From shelter dogs to service dogs

Many local animal shelters are nearing capacity. In some cases, old dogs are waiting to be euthanized to make room for new ones, but now some of these dogs are getting a second chance at life.

Leo is your typical dog. He’s playful, likes to run and loves his ball.

It’s hard to imagine that this cute guy was about to be euthanized because no one would adopt him. Then, Clay McElya came along.

"A lot of dogs end up in shelters for the exact same reason we’re looking for them," says McElya.

McElya is a dog trainer. He recently teamed up with Sandy Green with the Four Rivers K9 Search, Rescue and Recovery Team. Together, they’re scouring local animal shelters searching for the dogs that no one wants.

For Autumn Hollis at Marshall County Animal Care and Control, it’s a great feeling to see this group stepping up and saving lives.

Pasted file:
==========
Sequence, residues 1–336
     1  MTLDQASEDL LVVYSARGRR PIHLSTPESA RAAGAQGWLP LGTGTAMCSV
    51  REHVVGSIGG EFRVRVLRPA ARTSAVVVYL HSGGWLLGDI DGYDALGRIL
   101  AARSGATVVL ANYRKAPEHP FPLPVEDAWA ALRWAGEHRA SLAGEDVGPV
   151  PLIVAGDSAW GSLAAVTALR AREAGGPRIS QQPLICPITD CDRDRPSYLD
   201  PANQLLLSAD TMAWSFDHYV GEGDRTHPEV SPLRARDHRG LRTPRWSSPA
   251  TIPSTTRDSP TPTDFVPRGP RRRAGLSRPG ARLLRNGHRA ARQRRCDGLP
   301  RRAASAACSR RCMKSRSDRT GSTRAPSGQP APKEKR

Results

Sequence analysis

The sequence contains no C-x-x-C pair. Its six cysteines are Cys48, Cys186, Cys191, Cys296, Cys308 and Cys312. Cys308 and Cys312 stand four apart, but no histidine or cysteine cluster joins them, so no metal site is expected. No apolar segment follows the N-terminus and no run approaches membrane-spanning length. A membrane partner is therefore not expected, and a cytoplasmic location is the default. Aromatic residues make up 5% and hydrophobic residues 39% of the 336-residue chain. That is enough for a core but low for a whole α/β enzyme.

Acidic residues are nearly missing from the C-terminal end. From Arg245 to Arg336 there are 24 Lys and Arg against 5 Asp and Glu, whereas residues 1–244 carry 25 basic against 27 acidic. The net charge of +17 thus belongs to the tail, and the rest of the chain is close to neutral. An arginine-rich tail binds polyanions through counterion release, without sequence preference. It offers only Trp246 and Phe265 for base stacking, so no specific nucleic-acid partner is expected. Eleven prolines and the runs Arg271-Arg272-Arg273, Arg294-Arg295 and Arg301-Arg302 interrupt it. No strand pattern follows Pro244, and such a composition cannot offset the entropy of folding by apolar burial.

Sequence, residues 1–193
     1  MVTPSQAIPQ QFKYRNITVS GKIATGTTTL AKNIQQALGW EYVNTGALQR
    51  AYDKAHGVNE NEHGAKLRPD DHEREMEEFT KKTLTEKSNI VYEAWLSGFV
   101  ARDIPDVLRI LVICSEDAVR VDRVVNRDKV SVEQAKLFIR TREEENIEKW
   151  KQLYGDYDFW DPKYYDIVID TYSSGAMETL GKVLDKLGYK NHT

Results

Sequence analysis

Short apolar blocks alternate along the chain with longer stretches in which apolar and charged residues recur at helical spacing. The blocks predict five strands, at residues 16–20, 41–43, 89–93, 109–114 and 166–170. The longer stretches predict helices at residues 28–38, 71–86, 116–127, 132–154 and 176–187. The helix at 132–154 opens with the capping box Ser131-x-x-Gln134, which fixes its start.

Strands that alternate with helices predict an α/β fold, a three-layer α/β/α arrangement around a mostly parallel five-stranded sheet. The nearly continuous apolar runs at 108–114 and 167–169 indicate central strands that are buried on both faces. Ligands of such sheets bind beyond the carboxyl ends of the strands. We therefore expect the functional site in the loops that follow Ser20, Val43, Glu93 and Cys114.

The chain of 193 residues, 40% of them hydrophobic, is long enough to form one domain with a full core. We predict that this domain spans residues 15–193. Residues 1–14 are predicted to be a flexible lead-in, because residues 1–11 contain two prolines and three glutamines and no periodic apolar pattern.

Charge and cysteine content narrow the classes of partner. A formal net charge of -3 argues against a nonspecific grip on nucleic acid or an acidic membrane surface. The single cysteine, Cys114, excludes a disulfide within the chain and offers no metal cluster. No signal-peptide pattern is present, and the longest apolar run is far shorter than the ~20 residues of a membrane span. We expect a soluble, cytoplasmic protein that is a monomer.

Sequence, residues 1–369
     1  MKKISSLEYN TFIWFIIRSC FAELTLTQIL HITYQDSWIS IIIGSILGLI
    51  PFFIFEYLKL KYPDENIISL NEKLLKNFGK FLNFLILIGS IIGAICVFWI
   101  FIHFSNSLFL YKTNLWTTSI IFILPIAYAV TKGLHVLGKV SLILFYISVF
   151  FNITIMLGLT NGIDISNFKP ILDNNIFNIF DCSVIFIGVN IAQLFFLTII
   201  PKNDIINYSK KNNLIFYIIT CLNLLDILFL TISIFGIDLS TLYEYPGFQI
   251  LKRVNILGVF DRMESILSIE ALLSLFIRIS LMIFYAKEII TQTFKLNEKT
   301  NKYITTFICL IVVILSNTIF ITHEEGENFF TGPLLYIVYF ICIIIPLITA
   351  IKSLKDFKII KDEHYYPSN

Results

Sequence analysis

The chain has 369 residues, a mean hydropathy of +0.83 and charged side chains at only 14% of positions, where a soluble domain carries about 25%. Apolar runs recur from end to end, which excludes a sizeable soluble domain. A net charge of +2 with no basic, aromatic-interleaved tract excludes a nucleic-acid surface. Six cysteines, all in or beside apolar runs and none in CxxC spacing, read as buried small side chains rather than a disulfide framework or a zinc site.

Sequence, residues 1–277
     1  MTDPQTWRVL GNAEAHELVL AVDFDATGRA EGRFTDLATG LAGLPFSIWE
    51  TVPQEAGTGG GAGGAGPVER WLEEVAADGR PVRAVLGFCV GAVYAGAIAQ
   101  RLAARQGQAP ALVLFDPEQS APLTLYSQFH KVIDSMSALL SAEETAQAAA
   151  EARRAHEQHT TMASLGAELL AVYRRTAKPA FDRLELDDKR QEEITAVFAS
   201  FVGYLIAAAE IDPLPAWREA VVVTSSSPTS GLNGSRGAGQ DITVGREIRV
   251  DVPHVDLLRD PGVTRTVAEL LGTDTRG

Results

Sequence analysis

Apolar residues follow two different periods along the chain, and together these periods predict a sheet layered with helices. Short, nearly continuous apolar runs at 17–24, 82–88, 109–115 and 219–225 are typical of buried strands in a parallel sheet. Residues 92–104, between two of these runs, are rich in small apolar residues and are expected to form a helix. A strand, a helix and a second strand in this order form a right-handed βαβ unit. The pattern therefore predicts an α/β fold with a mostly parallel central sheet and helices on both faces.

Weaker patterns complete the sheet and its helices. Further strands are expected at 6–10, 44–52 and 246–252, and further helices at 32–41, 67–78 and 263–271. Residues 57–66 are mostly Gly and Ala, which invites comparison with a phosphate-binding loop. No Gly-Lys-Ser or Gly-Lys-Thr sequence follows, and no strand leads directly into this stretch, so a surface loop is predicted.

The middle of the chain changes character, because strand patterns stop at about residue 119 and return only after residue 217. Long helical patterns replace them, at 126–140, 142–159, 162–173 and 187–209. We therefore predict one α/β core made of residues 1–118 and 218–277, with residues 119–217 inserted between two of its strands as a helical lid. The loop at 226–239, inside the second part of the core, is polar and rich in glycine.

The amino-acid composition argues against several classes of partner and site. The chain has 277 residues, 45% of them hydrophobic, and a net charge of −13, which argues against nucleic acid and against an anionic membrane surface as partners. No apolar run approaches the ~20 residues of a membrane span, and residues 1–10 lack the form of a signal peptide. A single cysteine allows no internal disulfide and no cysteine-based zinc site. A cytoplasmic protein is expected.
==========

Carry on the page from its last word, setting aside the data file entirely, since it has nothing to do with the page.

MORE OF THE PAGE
"It makes all of us happy," says Hollis. "Anytime anybody can pull anything from us, it’s awesome."

The dogs are being trained for a specific job depending on their personalities, like tracking people who are missing or becoming service dogs for those with disabilities and veterans with PTSD.

Four Rivers K9 is planning to expand so it can rescue even more dogs like Leo.

"We’ve got volunteers ready to come up here and train. We just need a facility to do it," says McElya.

They can’t do it without help from the community, which is why they set up a GoFundMe page.

McElya is hoping they’ll raise enough funds to move forward with the expansion, allowing them to train more service dogs for the people who need them the most.

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